Insights

Home > News & Insights > Insights > U.S. Supreme Court Upholds “Trial by Formula” Evidence in Wage and Hour Class Action

Share this on:   a b j c

U.S. Supreme Court Upholds “Trial by Formula” Evidence in Wage and Hour Class Action

Published by on May 11, 2016

A recent decision by the U.S. Supreme Court establishes the role of “trial by formula” evidence in wage and hour class actions, but the Court declined to issue “broad and categorical” rules regarding the use of such evidence.

On March 22, 2016, the United States Supreme Court decided Tyson Foods, Inc. v. Bouaphakeo, et al., No. 14-1146. The most significant question common to the proposed class of employees in a pork processing plant was whether donning and doffing protective gear is compensable under the Fair Labor Standards Act (“FLSA”).

Tyson Foods, the employer, argued that individual inquiries into the time each worker spent donning and doffing protective gear predominate over this common question. The employees, however, claimed that individual inquiries were unnecessary because it could be assumed each employee donned and doffed for the same average time based on expert statistical analysis (known as “trial by formula”).

The U.S. Supreme Court held that the District Court did not err in certifying and maintaining the class and determining that the use of statistical sampling was acceptable here because individual class members could argue that the statistical average could be used to determine how much time he or she spent donning and doffing protective gear.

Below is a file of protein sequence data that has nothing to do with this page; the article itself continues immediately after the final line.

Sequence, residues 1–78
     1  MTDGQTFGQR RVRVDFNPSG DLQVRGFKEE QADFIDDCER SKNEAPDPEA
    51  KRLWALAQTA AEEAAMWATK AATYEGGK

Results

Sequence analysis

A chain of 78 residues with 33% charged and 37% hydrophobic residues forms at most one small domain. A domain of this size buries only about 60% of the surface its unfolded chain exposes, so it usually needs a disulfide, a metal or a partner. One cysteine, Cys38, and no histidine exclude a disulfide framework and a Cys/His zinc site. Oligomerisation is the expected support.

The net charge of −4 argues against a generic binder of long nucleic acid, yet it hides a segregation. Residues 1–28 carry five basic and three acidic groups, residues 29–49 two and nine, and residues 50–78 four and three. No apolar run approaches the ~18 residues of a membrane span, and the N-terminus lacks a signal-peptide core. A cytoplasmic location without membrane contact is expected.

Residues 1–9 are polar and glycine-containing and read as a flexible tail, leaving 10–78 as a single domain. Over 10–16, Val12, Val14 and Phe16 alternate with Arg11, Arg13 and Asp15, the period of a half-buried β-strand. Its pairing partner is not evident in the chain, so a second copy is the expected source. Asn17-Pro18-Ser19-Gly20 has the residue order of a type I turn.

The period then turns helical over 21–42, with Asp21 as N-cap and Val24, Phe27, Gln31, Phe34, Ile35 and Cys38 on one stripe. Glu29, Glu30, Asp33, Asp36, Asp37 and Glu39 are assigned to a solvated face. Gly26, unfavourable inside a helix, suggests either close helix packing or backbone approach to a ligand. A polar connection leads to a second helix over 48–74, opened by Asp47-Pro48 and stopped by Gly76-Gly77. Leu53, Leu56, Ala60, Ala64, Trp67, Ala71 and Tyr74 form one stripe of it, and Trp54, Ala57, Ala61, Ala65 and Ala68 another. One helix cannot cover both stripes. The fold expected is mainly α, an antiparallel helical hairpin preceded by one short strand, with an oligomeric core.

In this case, Peg Bouaphakeo, an employee at one of Tyson’s pork processing plants, filed a putative collective action under the FLSA and a class action under Iowa state law, seeking overtime compensation for time spent donning and doffing protective gear. The District Court certified both the collective action under the FLSA and the class action under FRCP Rule 23.

In order to maintain this action, the employees needed to show that the time spent donning and doffing, combined with the time spent working, totaled more than 40 hours a week and that Tyson did not pay for all of the work time.

To do this, the employees retained an expert witness to develop representative evidence of the average time employees spent donning and doffing protective gear. Although there was significant variability in the time employees spent, the expert, based on anecdotal evidence and video recordings of employees donning and doffing protective gear, was able to formulate an average time spent donning and doffing to determine whether employees had been paid for all their time.

Tyson, however, failed to challenge the expert’s methodology as scientifically valid and it also failed to offer its own expert’s findings that may have shown that the time spent donning and doffing protective gear was actually lower than the employees’ expert’s findings. Instead, Tyson argued that employees spent different amounts of time donning and doffing gear and that individualized inquiries were required to determine whether the time each employee spent was adequately compensated or whether the time caused each employee’s paid work hours to exceed 40 hours in a week. The jury awarded the employees $2.9 million. Tyson appealed, and the Eighth Circuit Court of Appeals affirmed.